For all his success in TV, Robert Newman has always had what he calls "a love affair" with regional theater. Good for us, because the longtime Joshua Lewis of Guiding Light (appearing in about 3,000 episodes from 1981-2009) will be singing and playing the roles of egotistic leading guy Fred Graham – and therefore also Petrucchio – in Cole Porter's Kiss Me, Kate, through Nov. 18 at the Broadway Theatre of Pitman in Pitman, N.J.
"That's where I first got offered a job and a paycheck, doing what I love to do," said Newman, whom I caught on the links, about to play a round of golf.
He went out to New York in 1981 for what he thought would be "a few days," to audition for Guiding Light, and it turned into almost three decades. "I'd never been in front of a camera in my life," he said. "When I started, I thought, 'Great. I'll be working daytimes, and I can do all this New York theater, too.' It doesn't work that way, of course: In soap operas, there's no time."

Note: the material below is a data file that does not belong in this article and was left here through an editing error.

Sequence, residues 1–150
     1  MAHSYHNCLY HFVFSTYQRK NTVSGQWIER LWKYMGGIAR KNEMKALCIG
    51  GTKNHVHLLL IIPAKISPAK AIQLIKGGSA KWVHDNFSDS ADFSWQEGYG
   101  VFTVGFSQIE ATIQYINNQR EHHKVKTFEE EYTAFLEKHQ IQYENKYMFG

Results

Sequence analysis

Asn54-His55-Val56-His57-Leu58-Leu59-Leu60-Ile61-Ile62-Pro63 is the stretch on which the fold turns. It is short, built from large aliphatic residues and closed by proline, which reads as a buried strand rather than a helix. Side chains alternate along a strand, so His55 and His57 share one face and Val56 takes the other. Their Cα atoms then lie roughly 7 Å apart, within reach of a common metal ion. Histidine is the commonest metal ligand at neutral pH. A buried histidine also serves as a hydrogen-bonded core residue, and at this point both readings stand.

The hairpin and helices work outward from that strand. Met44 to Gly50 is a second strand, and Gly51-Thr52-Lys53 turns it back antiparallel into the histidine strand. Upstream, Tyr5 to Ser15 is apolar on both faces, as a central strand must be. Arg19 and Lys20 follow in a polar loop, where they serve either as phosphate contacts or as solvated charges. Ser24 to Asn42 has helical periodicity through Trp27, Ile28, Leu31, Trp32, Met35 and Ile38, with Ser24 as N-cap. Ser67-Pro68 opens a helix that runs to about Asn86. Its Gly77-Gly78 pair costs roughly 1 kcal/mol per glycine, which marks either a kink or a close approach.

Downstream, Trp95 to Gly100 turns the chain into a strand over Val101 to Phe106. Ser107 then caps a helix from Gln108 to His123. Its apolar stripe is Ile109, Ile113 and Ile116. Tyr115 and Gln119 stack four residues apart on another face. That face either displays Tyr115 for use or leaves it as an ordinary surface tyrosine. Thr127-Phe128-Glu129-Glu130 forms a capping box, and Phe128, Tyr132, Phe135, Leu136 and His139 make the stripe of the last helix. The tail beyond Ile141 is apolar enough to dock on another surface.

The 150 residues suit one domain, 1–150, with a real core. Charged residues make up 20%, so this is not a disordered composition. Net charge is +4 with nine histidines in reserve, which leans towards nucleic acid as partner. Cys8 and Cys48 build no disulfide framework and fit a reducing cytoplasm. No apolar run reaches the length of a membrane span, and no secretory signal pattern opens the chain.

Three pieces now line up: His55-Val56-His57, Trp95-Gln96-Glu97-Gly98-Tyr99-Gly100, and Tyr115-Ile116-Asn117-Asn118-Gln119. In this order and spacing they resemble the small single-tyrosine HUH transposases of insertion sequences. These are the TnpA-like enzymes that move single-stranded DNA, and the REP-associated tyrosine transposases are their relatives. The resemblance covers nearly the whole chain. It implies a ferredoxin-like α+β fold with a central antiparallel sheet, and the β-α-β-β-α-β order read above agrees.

For summers, he'd do eight weeks of summer theater, if the producers agreed to let him go, "and it usually revitalized me." Here or there he took longer breaks from the soap opera but wound up returning. And once Guiding Light faded away in 2009, he went out "looking for characters I hadn't had the chance to play." Characters like George in Who's Afraid of Virginia Woolf? or Henry in The Lion in Winter or Edna in Hairspray.
Wait … Edna in Hairspray? "Oh, yeah," Newman says. "I could play that role for the rest of my life."
Who knew Newman sang? "I did some singing in college, stopped for a long time during the soap, and then I was raising our kids, not doing a lot of musical work. We had newborns, toddlers, then teenagers. But I went back over a decade ago. I was at a Broadway show, watching Tom Wopat play Sky Masterson in Guys and Dolls, and decided I really missed it. So I started studying with a voice teacher in Manhattan, to get to a place where I actually could sustain a musical for seven to eight shows a week. "
In 2016, he played Don Quixote in Man of La Mancha at Bristol Riverside Theatre. John Smitherman, producing artistic director at Broadway Theatre, saw him, and the two hit on the idea of Kiss Me, Kate.